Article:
From Elliot Williams on the Hackaday blog:
Mike and I were talking about an interesting smart-glasses hack on the podcast. This was one of those projects where, even if you don’t need a pair of glasses with LEDs on them to help you navigate around, you just couldn’t help but marvel at a lot of the little design choices made throughout.
For instance, I love the way the flex PCB is made to do double duty by wrapping around the battery and forming a battery holder. This struck me as one of those quintessential hacks that only occurs to you because you need it. Necessity is the mother of invention, and all that. There was a problem, how to fit a battery holder in the tiny space, and a set of resources that included a flex PCB substrate. Cleverly mashing that all together ended up with a novel solution. This wouldn’t occur to you if you were just sitting at the beach; you’d have to be designing something electronic, space-constrained, and on a flex PCB to come up with this.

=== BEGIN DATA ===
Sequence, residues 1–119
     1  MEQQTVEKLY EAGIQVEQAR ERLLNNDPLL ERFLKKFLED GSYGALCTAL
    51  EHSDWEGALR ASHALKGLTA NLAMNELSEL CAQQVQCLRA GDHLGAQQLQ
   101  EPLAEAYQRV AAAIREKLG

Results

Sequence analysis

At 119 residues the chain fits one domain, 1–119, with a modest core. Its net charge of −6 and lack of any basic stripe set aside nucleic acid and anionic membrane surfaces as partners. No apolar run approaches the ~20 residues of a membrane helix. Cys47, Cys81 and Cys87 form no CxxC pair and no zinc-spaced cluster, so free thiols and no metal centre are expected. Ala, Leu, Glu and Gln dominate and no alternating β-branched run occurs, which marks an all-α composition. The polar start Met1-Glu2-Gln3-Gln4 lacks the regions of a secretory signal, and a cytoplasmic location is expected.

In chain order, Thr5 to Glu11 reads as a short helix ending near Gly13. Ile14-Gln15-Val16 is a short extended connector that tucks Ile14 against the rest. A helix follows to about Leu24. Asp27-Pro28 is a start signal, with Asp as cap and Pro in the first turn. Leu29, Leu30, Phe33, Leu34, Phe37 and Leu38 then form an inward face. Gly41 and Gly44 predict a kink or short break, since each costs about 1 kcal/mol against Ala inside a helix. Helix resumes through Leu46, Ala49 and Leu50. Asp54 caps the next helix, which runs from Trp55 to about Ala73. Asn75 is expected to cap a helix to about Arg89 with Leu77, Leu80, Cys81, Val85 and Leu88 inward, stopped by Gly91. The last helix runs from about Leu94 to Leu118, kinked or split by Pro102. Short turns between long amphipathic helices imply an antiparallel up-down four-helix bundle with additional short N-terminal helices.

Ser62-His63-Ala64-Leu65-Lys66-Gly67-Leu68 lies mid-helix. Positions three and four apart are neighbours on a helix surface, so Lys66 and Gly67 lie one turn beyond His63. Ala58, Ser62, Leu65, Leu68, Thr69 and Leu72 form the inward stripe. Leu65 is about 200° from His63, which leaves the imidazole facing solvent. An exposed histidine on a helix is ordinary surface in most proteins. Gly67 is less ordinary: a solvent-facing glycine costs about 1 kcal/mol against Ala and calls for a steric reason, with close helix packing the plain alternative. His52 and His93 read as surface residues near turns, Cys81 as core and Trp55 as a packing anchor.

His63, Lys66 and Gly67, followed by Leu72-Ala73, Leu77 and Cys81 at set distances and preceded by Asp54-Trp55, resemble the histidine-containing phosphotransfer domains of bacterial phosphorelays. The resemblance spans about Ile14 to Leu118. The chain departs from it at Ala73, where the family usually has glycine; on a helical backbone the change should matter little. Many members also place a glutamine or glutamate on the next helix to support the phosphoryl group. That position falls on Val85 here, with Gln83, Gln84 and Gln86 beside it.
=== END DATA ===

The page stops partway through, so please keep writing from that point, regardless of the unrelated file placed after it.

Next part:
Mike made an offhand comment about how sometimes you just need to finish a project for the good ideas and clever solutions that you’ll come up with along the way, and I think this battery holder example drives that point home. I can’t count the number of my projects that may or may not have been dumb in retrospect, but along the way I came up with a little trick that I’ll end up using in many further projects, outliving the original application.
Finishing up a project on principle is a reasonable goal just on its own. But when the process of seeing something to conclusion is the generator of new and interesting challenges and solutions, it’s even more valuable. So if you’re stuck on a project, and not sure you want to take it all the way, consider if the journey itself could be the destination, and look at it as an opportunity to come up with that next long-lasting trick.